Before the 2016-17 season began, Chris Kreider avoided arbitration by signing a four year, $4.625 million extension with the New York Rangers. He ended up putting together a solid campaign on Broadway, making good on general manager Jeff Gorton’s faith in the talented winger. He put together a banner season for himself, and is primed to be one of the best and most important members of the retooled Rangers.
Kreider’s Career Year
The talent has always been apparent for Kreider, but he sometimes struggled to put it together — though last year was different. He set a career-high with 53 points, well above his previous career high of 46 in the 2014-2015 season. He set a career-high in goals with 28, and tied his career-high in assists with 25. He did it in only 75 games as well, giving him a solid .707 points per game.
His point total placed him fourth on the Rangers — one of four Blueshirts to top the 50 point plateau. He was also effective on the power play, with 13 points coming on the man advantage, which was also good for fourth on the team.
He led all Rangers skaters (with at least 500 minutes of ice-time) in Corsi For, coming in at a solid 53.75%. On a team that was regularly out-shot — only four skaters with 500 minutes of ice-time or more had a Corsi For over 50 percent — being able to produce an above-50 percent Corsi For percentage is impressive.
He was also a part of two of the best line combinations the Rangers trotted out. The combination of Kreider-Derek Stepan-Mats Zuccarello was paired together a whopping 535 minutes, and was impressive while doing it. They had the second highest score-adjusted Corsi For percentage of any line combination with more than 100 minutes played together, coming in at 53.7%.
He and Zuccarello were often paired with Mika Zibanejad, with the trio playing 279 minutes together. They were incredibly impressive together, notching a team-high 54.3% score-adjusted Corsi For percentage. He was invaluable for the Rangers last season.
A Strong Two-Way Game
The Corsi numbers, both score-adjusted and non-score-adjusted, show that Kreider drove possession at a top level with the Rangers. He played an excellent two-way game last year, which allowed him to do this. One look at his heat maps show his strong play on both ends of the ice:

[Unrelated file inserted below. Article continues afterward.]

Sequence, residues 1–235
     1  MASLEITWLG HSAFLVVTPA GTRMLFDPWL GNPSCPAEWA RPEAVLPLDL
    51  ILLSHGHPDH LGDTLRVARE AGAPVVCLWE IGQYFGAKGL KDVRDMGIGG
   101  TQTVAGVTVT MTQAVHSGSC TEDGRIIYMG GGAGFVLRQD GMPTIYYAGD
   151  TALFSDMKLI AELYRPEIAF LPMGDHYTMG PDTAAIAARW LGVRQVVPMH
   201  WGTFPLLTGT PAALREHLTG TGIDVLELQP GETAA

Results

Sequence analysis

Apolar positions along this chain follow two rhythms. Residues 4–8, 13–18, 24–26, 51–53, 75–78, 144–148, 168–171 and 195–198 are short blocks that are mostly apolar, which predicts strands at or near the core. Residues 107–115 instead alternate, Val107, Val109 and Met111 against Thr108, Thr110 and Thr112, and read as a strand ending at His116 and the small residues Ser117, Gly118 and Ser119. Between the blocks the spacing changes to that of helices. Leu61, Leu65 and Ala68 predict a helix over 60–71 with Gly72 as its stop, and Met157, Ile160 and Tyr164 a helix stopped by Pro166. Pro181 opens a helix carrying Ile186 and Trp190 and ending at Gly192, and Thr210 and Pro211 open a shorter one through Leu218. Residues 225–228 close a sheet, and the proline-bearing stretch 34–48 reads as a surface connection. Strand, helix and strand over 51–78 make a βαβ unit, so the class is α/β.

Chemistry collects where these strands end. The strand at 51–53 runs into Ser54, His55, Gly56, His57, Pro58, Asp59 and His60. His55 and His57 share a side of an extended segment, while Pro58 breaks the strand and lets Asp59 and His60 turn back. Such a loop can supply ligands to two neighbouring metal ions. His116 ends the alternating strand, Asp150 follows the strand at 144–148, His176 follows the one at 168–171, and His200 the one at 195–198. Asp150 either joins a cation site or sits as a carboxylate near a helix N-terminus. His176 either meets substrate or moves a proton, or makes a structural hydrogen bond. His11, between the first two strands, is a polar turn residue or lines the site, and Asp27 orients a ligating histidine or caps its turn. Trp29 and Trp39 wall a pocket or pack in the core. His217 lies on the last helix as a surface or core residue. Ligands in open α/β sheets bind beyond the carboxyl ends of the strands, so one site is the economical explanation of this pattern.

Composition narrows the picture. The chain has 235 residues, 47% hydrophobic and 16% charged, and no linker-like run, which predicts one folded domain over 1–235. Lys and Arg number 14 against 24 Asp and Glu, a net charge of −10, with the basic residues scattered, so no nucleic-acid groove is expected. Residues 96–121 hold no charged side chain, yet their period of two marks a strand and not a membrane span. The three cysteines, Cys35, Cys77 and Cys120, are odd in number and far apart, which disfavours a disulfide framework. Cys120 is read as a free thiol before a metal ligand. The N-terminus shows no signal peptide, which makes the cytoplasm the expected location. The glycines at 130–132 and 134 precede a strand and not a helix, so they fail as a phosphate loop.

As you can see, offense flows with Kreider on the ice. There are plenty of shots taken on his side of the ice, as well as in front of the net. With him, the Rangers have a consistent and dangerous offensive presence.
His defensive heat map is rather impressive. He does a good job of keeping the puck out of danger areas and suppressing shots as a whole. Kreider often gets credit for his offensive play, and it is well deserved, but defensively he is no slouch, and he often plays against the top two lines of the opposing team.
He also does an excellent job of making his teammates better, as his WOWY (with or without you) chart exemplifies:
The black boxes in the chart above show the player with Kreider, and the red boxes are the players without him. Kreider made his teammates better across the board — there is not one instance of a player improving without him. This is, arguably, the most impressive chart when reviewing Kreider’s 2016-17 campaign, and is a very encouraging sign for the Rangers.
Kreider is going to have a lot of responsibility going forward. With a 50 point lock in Derek Stepan now a member of the Coyotes, there is a big hole in the forward group — while Kreider is not a center, he certainly now has more offensive pressure on him in general. Stepan was his most frequent center this year, which will certainly be tough on Kreider — though Zibanejad was more than fine filling in between Kreider and Zuccarello. That line is going to need to repeat its performance from last season.
On top of that, winger Rick Nash is 33-years old, and has played only 60 and 67 games the past two seasons, respectively.
Not only will he be key on the ice, he will be key off of it. He is one of the longest tenured Rangers now, with Stepan being traded and Dan Girardi being bought out. While guys like newly signed Kevin Shattenkirk will likely provide a positive off-ice contribution, a long-tenured Ranger like Kreider can step up into a leadership role now.
Kreider has always had the talent, just one look at the (first) goal below highlights what kind of special player he can be:
This year, however, saw him put it together and have a career-year. It showed that Kreider can be a first line winger in this league, and is a bargain at less than five million per year.